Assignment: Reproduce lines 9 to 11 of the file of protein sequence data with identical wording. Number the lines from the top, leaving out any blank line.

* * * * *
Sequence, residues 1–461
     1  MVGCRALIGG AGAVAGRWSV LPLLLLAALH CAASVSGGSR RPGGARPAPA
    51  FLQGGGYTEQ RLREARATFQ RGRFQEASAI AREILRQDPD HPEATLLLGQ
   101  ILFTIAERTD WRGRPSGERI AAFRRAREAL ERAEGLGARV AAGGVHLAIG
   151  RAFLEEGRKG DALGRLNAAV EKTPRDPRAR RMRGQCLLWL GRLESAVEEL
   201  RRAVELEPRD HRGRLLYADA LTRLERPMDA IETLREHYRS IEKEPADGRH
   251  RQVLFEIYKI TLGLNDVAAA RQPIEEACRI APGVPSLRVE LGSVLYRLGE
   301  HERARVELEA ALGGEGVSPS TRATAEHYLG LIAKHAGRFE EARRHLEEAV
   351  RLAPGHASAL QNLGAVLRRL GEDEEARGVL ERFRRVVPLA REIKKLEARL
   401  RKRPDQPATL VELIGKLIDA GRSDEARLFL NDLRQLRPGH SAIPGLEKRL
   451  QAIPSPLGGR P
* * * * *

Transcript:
   351  RLAPGHASAL QNLGAVLRRL GEDEEARGVL ERFRRVVPLA REIKKLEARL
   401  RKRPDQPATL VELIGKLIDA GRSDEARLFL NDLRQLRPGH SAIPGLEKRL
   451  QAIPSPLGGR P